Next we learned about the room service prepping area. One of two on board, there were all the carafes, creamers, teas and plate covers I recognized from our morning meals delivered to the room. Again, I hadn't even thought of this, but there are two prep stations to aid in the speed of delivery. Apparently, the 15 minutes it can take to get from one side of the ship to the other would be too much to ask of the patrons waiting for their goodies?

Next, an observation of the most sandwiches I've ever witnessed being prepared all at once by one person. Subway workers ain't got nothin' on this gal! It is truly awe inspring to consider all of the different dishes, available at all hours of the day, that are continuously being prepared for consumption. Another point I hadn't thought of was that the staff are being fed in much the same manner throughout the day as well... what a task for whoever is the food manager!
Too many cooks in the kitchen?
Not on a cruise ship.
All of that food is delivered and stored in cold stoage on Deck One until the time it will be used; first in, first out. We learned there is even a food checkout of sorts; the time and temperature of items is documented both upon pickup and delivery. Four hours is the limit for food to be out, and then it is disposed and replaced. The thought of so much potential waste was quite appalling, but before it is deemed no good, it is offered to the crew, and then some is incinerated.  Their wet goods are mashed and pulped and then released when we are more than 20 nautical miles from shore. So, the fish are eating well too- and then we can go and catch and eat the fish, beginning the cycle all over again.
Can you spot my plate?
Would you be surprised that it cost $300,000 for the food stocked onboard for each week's journey? That explains how they can affored those eggs, 10,000 pounds of flour, and 25,000 pounds of beef! Is all this information making your stomach growl as loudly as ours did when it was announced that we could now go back into the kitchen for a visit-as-many-times-as-you-like smorgasboard of food choices?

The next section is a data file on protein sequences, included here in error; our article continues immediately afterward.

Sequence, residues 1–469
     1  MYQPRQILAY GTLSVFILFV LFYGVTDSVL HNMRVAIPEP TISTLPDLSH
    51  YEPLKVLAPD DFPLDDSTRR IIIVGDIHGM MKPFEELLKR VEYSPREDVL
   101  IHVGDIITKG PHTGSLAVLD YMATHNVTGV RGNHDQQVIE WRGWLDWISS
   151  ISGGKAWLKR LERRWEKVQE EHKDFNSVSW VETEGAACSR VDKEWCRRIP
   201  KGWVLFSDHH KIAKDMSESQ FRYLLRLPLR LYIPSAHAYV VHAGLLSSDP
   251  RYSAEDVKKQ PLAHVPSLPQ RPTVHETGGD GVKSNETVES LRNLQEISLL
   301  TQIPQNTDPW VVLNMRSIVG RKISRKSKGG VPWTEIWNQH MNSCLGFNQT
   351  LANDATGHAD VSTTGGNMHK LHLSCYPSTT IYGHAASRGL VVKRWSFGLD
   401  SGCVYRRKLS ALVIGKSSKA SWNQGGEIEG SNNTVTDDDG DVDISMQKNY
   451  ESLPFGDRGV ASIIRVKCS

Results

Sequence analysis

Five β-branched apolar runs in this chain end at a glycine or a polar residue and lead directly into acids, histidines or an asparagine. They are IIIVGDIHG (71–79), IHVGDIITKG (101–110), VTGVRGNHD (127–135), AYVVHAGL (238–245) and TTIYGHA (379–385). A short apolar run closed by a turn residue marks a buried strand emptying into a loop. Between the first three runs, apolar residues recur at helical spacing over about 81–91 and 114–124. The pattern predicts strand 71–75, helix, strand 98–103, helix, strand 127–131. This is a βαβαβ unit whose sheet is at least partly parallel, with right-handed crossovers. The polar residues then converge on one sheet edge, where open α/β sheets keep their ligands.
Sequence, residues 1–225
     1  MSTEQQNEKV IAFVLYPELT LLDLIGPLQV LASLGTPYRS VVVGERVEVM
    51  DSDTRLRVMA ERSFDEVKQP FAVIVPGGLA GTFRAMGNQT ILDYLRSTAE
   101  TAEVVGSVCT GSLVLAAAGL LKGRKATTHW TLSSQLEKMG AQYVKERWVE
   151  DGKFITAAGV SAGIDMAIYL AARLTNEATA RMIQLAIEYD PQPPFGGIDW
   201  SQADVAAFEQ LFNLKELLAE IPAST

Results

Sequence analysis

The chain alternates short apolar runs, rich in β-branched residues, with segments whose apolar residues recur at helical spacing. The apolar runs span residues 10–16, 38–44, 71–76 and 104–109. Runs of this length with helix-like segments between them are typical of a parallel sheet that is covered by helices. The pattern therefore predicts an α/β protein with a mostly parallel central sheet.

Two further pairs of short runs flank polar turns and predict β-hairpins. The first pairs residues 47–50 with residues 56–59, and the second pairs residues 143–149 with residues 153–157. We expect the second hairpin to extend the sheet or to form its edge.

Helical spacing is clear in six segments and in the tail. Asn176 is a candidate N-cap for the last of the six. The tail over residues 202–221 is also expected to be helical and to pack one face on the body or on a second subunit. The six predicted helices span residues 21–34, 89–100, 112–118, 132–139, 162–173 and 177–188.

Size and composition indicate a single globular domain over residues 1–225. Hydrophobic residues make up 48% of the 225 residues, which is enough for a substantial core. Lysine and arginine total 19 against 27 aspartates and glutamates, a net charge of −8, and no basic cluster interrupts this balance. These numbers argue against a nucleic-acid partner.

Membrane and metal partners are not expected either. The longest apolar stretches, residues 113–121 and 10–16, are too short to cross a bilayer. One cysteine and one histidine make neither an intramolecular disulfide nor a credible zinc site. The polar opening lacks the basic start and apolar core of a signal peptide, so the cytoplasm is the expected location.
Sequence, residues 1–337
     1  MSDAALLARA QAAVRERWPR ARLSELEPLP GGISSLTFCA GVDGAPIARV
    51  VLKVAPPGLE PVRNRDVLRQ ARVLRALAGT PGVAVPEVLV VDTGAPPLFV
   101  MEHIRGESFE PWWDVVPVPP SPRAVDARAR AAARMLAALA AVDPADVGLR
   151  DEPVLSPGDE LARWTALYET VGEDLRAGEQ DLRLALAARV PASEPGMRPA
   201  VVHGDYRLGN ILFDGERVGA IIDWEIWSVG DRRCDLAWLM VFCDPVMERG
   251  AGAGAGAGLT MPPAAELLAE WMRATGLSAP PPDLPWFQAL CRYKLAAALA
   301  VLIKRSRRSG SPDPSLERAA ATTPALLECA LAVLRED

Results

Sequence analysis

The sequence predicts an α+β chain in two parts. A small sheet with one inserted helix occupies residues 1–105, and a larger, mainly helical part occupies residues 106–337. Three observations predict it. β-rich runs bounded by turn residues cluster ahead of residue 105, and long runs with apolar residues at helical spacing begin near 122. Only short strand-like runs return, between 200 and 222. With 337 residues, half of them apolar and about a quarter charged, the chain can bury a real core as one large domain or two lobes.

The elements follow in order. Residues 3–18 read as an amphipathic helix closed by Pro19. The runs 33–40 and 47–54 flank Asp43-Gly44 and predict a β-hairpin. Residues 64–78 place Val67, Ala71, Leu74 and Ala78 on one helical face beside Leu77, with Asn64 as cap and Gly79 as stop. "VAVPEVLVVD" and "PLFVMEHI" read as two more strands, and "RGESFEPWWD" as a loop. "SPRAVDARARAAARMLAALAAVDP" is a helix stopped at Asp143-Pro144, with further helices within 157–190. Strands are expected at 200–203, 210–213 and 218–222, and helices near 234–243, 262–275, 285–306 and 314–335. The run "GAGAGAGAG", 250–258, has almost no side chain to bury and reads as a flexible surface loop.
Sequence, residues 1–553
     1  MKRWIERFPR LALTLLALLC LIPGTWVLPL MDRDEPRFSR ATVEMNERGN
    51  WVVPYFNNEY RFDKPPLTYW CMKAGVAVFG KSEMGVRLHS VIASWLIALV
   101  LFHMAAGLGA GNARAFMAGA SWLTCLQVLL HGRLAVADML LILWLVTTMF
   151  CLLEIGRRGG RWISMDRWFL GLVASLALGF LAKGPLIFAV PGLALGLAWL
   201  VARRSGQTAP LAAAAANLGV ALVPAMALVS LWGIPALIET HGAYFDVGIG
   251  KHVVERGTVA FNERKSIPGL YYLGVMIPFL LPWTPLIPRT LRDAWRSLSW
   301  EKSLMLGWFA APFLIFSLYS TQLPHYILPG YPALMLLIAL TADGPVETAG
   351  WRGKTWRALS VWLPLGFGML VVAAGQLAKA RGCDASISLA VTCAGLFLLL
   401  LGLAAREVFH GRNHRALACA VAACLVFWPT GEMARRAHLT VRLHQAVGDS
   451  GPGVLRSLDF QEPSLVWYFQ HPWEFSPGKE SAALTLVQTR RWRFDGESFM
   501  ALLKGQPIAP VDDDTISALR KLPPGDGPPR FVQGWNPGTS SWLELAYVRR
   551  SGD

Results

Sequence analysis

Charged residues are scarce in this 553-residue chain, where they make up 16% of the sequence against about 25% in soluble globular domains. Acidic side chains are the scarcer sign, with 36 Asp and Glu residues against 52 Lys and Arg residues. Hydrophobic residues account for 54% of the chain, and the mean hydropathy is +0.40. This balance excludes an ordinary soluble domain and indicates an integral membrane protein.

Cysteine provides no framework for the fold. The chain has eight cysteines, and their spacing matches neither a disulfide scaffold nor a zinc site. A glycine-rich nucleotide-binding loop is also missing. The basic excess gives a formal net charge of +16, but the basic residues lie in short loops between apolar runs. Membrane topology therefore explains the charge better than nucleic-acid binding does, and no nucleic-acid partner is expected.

As facinating as all of the information about the food was, the concern for our wait staff was apparent, with many guests wondering aloud all manner of questions about their pay structure, rate of advancement, length of employment (or deployment, I suppose). Our water, James, had shared with us early on that this was his first cruise as head waiter. He was excellent! His enthusiasm for giving us exceptional dining experienes throughout our voyage was almost as enjoyable as the warmth in his smile. His assistant Zekun was sweet as could be, too. Head waitors can advance and earn the privledge of more tables (i.e. more shared tips) through the scores they recieve on the after-cruise- questionairre mailed by Royal Caribbean. I'll be sure to remember how welcome to the table we felt each night when I respond to that email!
Well, friends, my time on board has nearly come to an end. There is still a day of departure tomorrow that I hope you'll join me for. No one wants to stand in line alone! I've so enjoyed reliving this "epic" adventure with you all. Feel free to come back and re-read these posts as I'll be filling them in with more memories as they reoccur. And of course, if you want to share these with friends, or feel inclined to comment, there are buttons to click beneath each lengthy rememberance.
My rise to Craft Diva Superstardom continues, but first...